The key names in your presentation at aKademy were similar to existing configuration file names, but still confusing to the
newcomer (e.g. user/env and system/init) Do you not think it would be a good opportunity to rename these keys
(e.g. from "init" to "startup")?
Those were just examples .. I choose those names just to be easy.
But keep in mind that keys should not be accessed directly by users. Stable semantic-oriented GUI configuration tools will
appear asking things like "click here to install and configure your new webcam". Then, the real keys and key
structure that is happening bellow that is sysadmin stuff, and hopefully he'll have to deal with them directly
only in rare situations.
The layout of nowadays configuration files are defined at the packaging time. In the office of RedHat, SuSE, etc.
This leads one Linux to be slightly different to another Linux. But this small differences makes impossible
automatic integration and configuration.
Switching to a tree of keys and values concept, makes the application development team the owner of this layout
(which should be unique). So distro A, B and C, X.org, a video card vendor, a GUI configuration tool, etc,
will allways find the current video card driver in the key system/sw/XFree/Device/Videocard0/Driver, instead of
line 34 of file /etc/X11/XF86Config on distro A (if user does not edit it), and line 42 of file
/etc/X11/xorg.conf on distro B (if user didn't edit it).
How about using XML .. isn't XML invented for this kind of stuff
XML is a wonderfull standard to represent any information, make it portable, human and
machine readable. It adds a considerable amount of complexity too.
Registry was designed to be available anywhere, anytime on the system. For this, all required libraries should
be there anywhere, anytime. If Registry used XML for its storage, libXML would be required, and the XML library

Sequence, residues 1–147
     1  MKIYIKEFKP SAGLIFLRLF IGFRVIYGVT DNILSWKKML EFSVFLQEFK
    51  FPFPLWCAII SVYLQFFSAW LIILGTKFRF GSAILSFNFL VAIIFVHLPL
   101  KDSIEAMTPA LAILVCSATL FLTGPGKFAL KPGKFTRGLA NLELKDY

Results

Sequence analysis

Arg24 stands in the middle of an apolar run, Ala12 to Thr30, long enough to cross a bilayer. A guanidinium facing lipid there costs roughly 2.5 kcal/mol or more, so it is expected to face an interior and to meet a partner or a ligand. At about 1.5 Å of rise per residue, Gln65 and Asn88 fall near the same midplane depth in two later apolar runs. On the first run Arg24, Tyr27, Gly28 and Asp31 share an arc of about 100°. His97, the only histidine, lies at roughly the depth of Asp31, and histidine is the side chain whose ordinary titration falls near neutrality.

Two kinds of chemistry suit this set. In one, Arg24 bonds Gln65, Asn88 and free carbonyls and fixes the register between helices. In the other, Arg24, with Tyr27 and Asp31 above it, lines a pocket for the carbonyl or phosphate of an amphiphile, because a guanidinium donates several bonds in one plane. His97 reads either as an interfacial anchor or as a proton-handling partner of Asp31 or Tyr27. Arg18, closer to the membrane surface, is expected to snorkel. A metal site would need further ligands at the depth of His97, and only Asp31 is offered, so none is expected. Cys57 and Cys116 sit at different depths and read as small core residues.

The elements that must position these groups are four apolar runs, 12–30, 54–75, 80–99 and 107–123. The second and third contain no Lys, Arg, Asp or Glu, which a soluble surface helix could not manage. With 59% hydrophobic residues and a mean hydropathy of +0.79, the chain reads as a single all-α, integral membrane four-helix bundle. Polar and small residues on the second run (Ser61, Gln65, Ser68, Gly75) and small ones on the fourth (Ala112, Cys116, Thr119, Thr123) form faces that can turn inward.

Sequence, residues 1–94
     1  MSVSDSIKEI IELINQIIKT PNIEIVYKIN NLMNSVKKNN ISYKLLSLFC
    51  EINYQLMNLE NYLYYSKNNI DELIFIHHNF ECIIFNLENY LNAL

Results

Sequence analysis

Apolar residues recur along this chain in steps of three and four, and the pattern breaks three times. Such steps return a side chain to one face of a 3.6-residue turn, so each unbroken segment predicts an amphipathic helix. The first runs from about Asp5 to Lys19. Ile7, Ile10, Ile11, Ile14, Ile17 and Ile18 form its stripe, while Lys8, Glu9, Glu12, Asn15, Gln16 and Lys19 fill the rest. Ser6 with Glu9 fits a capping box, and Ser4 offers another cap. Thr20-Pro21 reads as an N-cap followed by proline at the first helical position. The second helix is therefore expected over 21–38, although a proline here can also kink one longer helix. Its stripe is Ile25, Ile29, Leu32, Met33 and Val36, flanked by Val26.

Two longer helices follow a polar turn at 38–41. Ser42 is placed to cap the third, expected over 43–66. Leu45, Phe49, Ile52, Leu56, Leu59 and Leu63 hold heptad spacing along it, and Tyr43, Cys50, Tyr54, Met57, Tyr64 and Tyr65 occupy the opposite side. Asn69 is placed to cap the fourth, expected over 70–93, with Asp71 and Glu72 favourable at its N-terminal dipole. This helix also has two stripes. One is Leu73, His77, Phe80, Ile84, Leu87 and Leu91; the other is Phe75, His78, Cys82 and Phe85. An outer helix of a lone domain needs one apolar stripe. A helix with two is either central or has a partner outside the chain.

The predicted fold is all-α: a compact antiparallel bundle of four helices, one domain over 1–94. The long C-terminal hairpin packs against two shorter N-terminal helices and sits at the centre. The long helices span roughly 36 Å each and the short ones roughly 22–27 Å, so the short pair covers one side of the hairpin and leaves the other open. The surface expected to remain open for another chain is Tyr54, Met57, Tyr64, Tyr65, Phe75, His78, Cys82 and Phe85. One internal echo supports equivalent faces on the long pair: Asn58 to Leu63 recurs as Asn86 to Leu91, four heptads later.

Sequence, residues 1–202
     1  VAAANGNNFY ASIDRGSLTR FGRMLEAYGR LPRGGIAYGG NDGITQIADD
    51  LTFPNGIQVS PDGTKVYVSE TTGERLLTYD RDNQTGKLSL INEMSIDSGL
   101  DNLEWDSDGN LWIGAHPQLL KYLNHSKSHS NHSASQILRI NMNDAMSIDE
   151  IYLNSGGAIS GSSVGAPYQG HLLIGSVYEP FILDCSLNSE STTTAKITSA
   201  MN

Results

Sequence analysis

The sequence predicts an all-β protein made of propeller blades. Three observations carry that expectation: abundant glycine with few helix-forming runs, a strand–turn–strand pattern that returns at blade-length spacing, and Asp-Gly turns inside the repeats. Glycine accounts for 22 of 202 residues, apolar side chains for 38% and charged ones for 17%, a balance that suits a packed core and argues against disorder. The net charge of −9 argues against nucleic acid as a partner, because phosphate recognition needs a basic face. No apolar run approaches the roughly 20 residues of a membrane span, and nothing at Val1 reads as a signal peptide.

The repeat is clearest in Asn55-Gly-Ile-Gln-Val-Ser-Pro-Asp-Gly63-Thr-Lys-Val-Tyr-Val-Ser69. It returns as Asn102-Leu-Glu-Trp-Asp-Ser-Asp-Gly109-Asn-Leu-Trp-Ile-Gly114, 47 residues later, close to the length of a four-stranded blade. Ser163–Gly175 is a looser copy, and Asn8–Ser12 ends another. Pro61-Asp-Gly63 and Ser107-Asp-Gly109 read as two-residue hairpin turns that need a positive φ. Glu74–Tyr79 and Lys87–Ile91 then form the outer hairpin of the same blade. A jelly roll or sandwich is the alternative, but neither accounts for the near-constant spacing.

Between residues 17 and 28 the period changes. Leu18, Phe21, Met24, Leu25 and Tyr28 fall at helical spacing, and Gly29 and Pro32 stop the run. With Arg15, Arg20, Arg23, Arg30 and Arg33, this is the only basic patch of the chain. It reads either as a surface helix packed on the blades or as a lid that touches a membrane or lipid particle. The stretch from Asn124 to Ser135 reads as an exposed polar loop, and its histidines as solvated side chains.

may not be available for some early boot stage programs, like /sbin/init. Well, Registry keys can be used for
/sbin/init configurations, instead of the 30 years old /etc/inittab.
Anyway, Registry uses XML as its universal format to import and export keys into/from the key database.
This helps on transferring software configurations from one machine to another, backup, etc.
Wouldn't using this concept of trees of keys be unreadable for the human eyes. Better said: can an
administrator still edit the files?
Yes, he can. This was a long discussed subject, and one of the weaknesses of the Windows implementation.
Registry storage are plain text files, editable with vi or ed. But, thinking out of the box
(considering time), an administrator will not have to edit keys directly. A registry infrastructure makes semantic
configuration GUIs development be very easy to do. So with adoption and time, administrators will use more semantic
configuration tools, and they'll be able to edit keys directly too, if they need.
Don't you think that this name, Linux Registry, can be problematic? Many system administrators had bad experiences
with the Windows Registry.
In my opinion the Windows Registry is a good idea behind a bad implementation. It is one file to store it all.
If you loose this file, or it gets corrupted, you loose your system.
On the other side, the Linux Registry is not a daemon (so no single point of failure), does not store
all configurations on a single file, was designed with security in mind, and stores user's configurations
in each user's $HOME, and system's on /etc.
Anyway, I receive many many e-mails from people liking the design but feeling the name as an obstacle to
adoption. This name was chosen to make an automatic awareness in people's mind. Sometimes it works for
the wrong side. So in a few days, the name of the project will change to something very cool. Stay tuned!
Where do you see the future of Linux Registry going?
Hopefully it will be accepted by major projects like KDE, Apache, Samba, etc, and distributions.
Also, more storage backends should appear, more language bindings, etc.
Linux/BSD/Unix today is a 1+1=2 system, and Linux Registry can help it become a 1*1=1.
The project needs more programs using it, more awareness, more adoption. The advantages of a wholly
integrated system will only be felt when many programs will be using it, so use it!
It is free, designed for Unix, by an old Unix user, to old Unix users.
So give it a try: http://registry.sourceforge.net!